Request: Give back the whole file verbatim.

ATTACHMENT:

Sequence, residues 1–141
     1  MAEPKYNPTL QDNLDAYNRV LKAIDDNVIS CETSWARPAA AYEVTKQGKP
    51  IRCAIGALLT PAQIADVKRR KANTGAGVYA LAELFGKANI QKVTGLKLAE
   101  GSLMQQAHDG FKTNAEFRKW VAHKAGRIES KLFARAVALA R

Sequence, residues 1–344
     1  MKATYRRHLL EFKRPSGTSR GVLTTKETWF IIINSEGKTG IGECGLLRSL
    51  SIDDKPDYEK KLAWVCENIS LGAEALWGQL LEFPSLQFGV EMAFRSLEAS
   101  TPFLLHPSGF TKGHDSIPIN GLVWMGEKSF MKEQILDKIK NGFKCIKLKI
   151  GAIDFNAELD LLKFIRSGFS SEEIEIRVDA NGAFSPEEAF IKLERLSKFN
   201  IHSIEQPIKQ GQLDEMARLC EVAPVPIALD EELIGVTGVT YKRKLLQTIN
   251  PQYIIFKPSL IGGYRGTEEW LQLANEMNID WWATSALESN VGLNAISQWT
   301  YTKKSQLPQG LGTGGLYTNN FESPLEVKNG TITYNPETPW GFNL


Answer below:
Sequence, residues 1–141
     1  MAEPKYNPTL QDNLDAYNRV LKAIDDNVIS CETSWARPAA AYEVTKQGKP
    51  IRCAIGALLT PAQIADVKRR KANTGAGVYA LAELFGKANI QKVTGLKLAE
   101  GSLMQQAHDG FKTNAEFRKW VAHKAGRIES KLFARAVALA R

Sequence, residues 1–344
     1  MKATYRRHLL EFKRPSGTSR GVLTTKETWF IIINSEGKTG IGECGLLRSL
    51  SIDDKPDYEK KLAWVCENIS LGAEALWGQL LEFPSLQFGV EMAFRSLEAS
   101  TPFLLHPSGF TKGHDSIPIN GLVWMGEKSF MKEQILDKIK NGFKCIKLKI
   151  GAIDFNAELD LLKFIRSGFS SEEIEIRVDA NGAFSPEEAF IKLERLSKFN
   201  IHSIEQPIKQ GQLDEMARLC EVAPVPIALD EELIGVTGVT YKRKLLQTIN
   251  PQYIIFKPSL IGGYRGTEEW LQLANEMNID WWATSALESN VGLNAISQWT
   301  YTKKSQLPQG LGTGGLYTNN FESPLEVKNG TITYNPETPW GFNL